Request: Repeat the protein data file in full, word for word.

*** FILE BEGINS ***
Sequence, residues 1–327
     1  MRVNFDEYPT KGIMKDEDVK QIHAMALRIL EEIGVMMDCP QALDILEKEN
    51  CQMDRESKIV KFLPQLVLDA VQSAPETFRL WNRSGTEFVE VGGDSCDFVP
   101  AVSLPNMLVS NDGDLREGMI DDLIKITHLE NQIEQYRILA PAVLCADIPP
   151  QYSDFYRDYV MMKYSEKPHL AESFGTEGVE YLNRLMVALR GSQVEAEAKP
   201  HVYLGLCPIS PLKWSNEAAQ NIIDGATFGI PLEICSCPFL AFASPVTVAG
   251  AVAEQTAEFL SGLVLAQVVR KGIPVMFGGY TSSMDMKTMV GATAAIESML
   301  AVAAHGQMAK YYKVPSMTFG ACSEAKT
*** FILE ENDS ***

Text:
Sequence, residues 1–327
     1  MRVNFDEYPT KGIMKDEDVK QIHAMALRIL EEIGVMMDCP QALDILEKEN
    51  CQMDRESKIV KFLPQLVLDA VQSAPETFRL WNRSGTEFVE VGGDSCDFVP
   101  AVSLPNMLVS NDGDLREGMI DDLIKITHLE NQIEQYRILA PAVLCADIPP
   151  QYSDFYRDYV MMKYSEKPHL AESFGTEGVE YLNRLMVALR GSQVEAEAKP
   201  HVYLGLCPIS PLKWSNEAAQ NIIDGATFGI PLEICSCPFL AFASPVTVAG
   251  AVAEQTAEFL SGLVLAQVVR KGIPVMFGGY TSSMDMKTMV GATAAIESML
   301  AVAAHGQMAK YYKVPSMTFG ACSEAKT